In this 3rd part of my 7 part series on XenMobile MDM 8.5 we will focus on policies. Policies within MDM allow you to control a multitude of features on your end users mobile devices, including: WiFi, Email, VPN, Location Services, most all functionality of the device (camera, FaceTime, etc), AppStore access, etc. Most configuration variations you do to control and limit/restrict/configure your end users devices will be done from this tab. This tab is also the location where we can create some automated actions that include notifying your users when they have fallen out of compliance.

If you would like to read the other parts in this article series please go to:

In this article I was to cover a “base” set of policy configurations that will give you a feel of how the policies work in general. By no means does this cover the breadth of what you can do with MDM, but it at least gives you a glimpse.

I want to accomplish the following in this article:

  1. Set a passcode policy on the device
  2. Block iCloud from syncing documents
  3. Preconfigure a WiFi network on my device (so that your users could come into the office with WiFi already configured and never have been given the password)
  4. Blacklist Dropbox, Box, and SkyDrive applications
  5. Notify the user their device as Out of Compliance (OoC) if those apps are installed
  6. Mark the device as OoC in the dashboard
Later in this series we will build upon the policies by adding applications to push to our users and ultimately roll it all together in a Deployment. For the purposes of this article (and the fact I’m a die hard Apple fan) the only devices I own are Apple..so this will all be iOS based. If your Android, first off I’m sorry, and second off it should still be similar ;) .
 

Configure a Passcode Policy

Step 1. Navigate to the web console (usually http/s://mobile.yourdomain.com/zdm and login.
 
 
MDM3-0000
 
 
Step 2. Navigate to the “Policies” tab, then iOS->Configuration. You should have two policies that were installed by default with the console, one of them being a Passcode policy. Highlight it and click “Edit”
 
MDM3-0001
 
 
Step 3. Leave these settings as default, click on the “Policy” tab.
 
MDM3-0003
 
 
Step 4. Modify to suit your requirements. Here I am requiring a passcode, allowing simple passwords, minimum length of at least 4, and auto-locking the device after 2 minutes of inactivity. When….
Continue reading here!
//Richard

How To: #XenMobile #MDM 8.5 Deployment Part 1 and 2: Installation – via @AdamInTheCloud

September 8, 2013 1 comment

Wow, it’s like Adam read my mind, I’m doing the same kind of blog post series but for a XenMobile MAM deployment! Will post part 2 of the MAM series later tonight (once it’s done, waiting on some StoreFront issues to solve and I’m getting there!)

But in the meantime have a look at this great series by Adam! Great job Adam!!!

How To: XenMobile MDM 8.5 Deployment Part 1: Installation

n late 2012 Citrix announced they had purchased a 7-year-old startup company called Zenprise that was a hot player in the mobile device security market. Up until that time, Citrix was positioning for that sector with its CloudGateway Enterprise product and focusing mostly on apps and data management..not really the device. Zenprise helped them flesh out their offering, which is now known as “XenMobile”. Although it’s gone through a few iterations it has finally reached a final “form” if you will of three editions: MDM, App, and Enterprise.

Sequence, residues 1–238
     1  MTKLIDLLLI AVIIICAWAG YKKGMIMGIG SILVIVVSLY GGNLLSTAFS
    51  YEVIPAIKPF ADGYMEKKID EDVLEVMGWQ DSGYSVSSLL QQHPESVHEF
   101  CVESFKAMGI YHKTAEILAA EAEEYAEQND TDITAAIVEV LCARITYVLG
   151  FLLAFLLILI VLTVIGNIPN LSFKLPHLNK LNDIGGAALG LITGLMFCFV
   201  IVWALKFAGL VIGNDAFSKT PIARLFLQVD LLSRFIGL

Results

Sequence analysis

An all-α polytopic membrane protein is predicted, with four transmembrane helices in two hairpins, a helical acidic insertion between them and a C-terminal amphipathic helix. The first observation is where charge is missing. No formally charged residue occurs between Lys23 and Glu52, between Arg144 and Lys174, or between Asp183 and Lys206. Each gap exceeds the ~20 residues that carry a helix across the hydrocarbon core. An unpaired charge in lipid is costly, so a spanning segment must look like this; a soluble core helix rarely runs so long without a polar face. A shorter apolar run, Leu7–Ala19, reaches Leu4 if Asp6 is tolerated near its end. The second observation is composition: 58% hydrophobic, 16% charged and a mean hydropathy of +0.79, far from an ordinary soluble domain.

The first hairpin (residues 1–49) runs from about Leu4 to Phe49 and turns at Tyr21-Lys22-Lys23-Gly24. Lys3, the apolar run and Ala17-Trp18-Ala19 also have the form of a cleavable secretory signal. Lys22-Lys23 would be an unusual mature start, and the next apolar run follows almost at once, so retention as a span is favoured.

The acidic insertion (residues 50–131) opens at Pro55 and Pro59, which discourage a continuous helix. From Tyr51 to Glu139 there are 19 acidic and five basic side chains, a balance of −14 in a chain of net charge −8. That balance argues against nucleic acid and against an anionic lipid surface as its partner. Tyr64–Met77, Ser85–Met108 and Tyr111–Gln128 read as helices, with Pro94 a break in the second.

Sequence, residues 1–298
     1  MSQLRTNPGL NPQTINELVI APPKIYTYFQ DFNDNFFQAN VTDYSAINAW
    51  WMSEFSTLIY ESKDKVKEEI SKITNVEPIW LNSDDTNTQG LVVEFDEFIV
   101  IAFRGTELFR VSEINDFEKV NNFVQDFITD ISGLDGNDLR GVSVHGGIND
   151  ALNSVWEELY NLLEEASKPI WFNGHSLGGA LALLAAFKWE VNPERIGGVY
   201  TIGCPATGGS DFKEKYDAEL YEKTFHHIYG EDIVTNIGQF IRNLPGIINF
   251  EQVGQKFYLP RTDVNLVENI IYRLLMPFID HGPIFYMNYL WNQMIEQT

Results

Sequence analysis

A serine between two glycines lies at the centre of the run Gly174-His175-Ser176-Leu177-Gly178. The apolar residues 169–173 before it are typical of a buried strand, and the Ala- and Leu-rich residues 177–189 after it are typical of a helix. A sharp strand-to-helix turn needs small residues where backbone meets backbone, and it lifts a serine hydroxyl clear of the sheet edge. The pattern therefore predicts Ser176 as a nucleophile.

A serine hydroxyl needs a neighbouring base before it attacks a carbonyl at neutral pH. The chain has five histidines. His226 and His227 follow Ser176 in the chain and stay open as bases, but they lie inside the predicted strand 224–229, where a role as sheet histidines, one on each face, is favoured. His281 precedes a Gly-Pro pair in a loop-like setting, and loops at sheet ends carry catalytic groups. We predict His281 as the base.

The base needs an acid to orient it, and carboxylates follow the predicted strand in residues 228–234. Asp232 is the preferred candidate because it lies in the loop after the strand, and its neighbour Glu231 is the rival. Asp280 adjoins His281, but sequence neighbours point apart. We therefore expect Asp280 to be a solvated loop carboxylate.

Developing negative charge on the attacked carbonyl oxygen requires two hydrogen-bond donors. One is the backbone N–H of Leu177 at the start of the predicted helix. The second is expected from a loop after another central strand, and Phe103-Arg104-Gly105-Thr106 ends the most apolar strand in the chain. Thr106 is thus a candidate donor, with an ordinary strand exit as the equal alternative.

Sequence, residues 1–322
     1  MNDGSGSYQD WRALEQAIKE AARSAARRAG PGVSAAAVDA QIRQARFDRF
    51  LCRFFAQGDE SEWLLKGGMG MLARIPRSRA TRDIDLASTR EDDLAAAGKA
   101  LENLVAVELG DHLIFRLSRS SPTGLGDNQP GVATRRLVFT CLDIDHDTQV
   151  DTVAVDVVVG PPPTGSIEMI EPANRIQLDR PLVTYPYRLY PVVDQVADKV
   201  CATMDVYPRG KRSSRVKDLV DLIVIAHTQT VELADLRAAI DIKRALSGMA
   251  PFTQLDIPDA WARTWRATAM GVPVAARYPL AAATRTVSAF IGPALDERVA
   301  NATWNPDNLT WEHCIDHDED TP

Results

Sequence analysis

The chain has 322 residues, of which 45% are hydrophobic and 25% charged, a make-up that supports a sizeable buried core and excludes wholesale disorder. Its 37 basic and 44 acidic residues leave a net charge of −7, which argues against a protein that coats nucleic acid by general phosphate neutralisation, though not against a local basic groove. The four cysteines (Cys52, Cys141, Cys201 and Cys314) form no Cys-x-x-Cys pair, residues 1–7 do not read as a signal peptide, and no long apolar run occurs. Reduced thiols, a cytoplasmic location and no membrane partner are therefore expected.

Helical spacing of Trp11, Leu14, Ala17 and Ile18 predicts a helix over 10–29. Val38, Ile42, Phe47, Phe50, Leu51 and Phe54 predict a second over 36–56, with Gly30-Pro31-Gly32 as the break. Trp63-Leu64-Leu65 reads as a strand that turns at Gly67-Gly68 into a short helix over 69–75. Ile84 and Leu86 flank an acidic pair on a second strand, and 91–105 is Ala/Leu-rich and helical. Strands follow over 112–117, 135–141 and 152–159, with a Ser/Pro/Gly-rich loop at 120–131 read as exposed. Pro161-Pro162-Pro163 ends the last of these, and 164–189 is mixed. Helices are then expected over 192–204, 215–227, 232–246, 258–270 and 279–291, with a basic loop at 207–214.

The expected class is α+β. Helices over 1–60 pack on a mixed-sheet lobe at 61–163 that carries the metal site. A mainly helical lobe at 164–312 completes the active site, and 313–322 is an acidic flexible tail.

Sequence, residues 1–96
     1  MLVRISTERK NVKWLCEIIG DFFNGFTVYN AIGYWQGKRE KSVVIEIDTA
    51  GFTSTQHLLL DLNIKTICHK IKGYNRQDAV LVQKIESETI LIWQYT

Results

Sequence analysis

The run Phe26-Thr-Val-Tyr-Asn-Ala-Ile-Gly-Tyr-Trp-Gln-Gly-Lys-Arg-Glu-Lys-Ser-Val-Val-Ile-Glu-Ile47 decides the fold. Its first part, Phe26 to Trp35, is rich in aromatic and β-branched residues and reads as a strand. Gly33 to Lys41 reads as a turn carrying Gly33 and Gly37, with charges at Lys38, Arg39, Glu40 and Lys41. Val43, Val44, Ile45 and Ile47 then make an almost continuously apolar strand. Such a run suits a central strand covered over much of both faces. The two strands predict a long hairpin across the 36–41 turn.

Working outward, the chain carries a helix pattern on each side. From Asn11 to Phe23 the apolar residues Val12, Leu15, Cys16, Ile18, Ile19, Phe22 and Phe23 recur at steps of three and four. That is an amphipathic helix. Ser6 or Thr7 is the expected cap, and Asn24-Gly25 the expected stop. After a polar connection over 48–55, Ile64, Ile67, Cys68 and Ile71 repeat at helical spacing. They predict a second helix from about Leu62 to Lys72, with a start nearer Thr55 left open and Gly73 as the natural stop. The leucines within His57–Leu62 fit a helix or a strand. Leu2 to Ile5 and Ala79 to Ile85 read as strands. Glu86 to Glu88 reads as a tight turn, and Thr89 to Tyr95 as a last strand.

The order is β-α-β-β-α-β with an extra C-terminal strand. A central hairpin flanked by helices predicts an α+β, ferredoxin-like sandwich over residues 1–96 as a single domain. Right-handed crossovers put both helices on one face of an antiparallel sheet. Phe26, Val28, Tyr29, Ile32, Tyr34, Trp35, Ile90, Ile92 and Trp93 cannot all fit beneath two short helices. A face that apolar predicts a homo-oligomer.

The purpose of this article series will be to walk through the installation and basic setup of the MDM (Mobile Device Management) Edition which focuses almost exclusively on managing the device, and not necessarily so much the data or apps. Although it is capable of application pushes and the like… a feature comparison can be found on Citrix’ website HERE. I encourage you to view that. One major difference to note is MDM does not sandbox apps/data, but App Edition does, and Enterprise Edition can.

In researching this product for some internal training we are currently going through it became pretty apparent there is very little information out there on it, and if there is its unfortunately outdated because the product has been rapidly evolving over the first half of the year. In this series of blog articles I will go over how to deploy a single instance of XenMobile 8.5 MDM on an internal network, configure basic policies and rules, and apply them to your devices.

If you would like to read the other parts in this article series please go to:

This, unfortunately is the most boring part of MDM which is the install…but I would be remiss by not going over it for some of you that “have to see” it. So lets get to it so we can get on to the more exciting stuff!

First: Pre-req’s. All of this is straight from eDocs, I’m not reinventing the wheel here.

  • MDM 8.5 needs to go on a 2008 R2 or 2012 server.
  • Setup an active directory service account and make it a local admin on the MDM server
  • Disable IPv6 (not via registry, just uncheck the box)
  • UAC disabled
  • Firewall disabled (this is my preference..I disable server firewalls but you’re welcome to do as you wish)
  • Your service account needs permissions creator/owner/read/write on your SQL server. I will not be using PostgreSQL.
  • SQL 2005/2008/R2/2012 in your environment (Reference Architecture recommends SQL for production deployments, not PostgreSQL. See HERE)
  • Java SE 7 Update 11 (dk-7u4-windows-x64.exe) installed on the server
  • Java Cryptography Extension (JCE) USJP 7 on the serverExternal DNS record such as mobile.mydomain.com
    • To install the Java Cryptography Extension
      • Install Java SE 7u11
      • Open the JCE zip file and copy local_policy.jar and US_export_policy.jar to your computer desktop.
      • Navigate to the folder /java/jdk1.7.0_x/jre/lib/security and copy the files from Step 2 to this folder.
  • Obtain an Apple….

Continue reading part 1 here and part 2 here!

//Richard

#Ericsson to build three Global #ICT Centers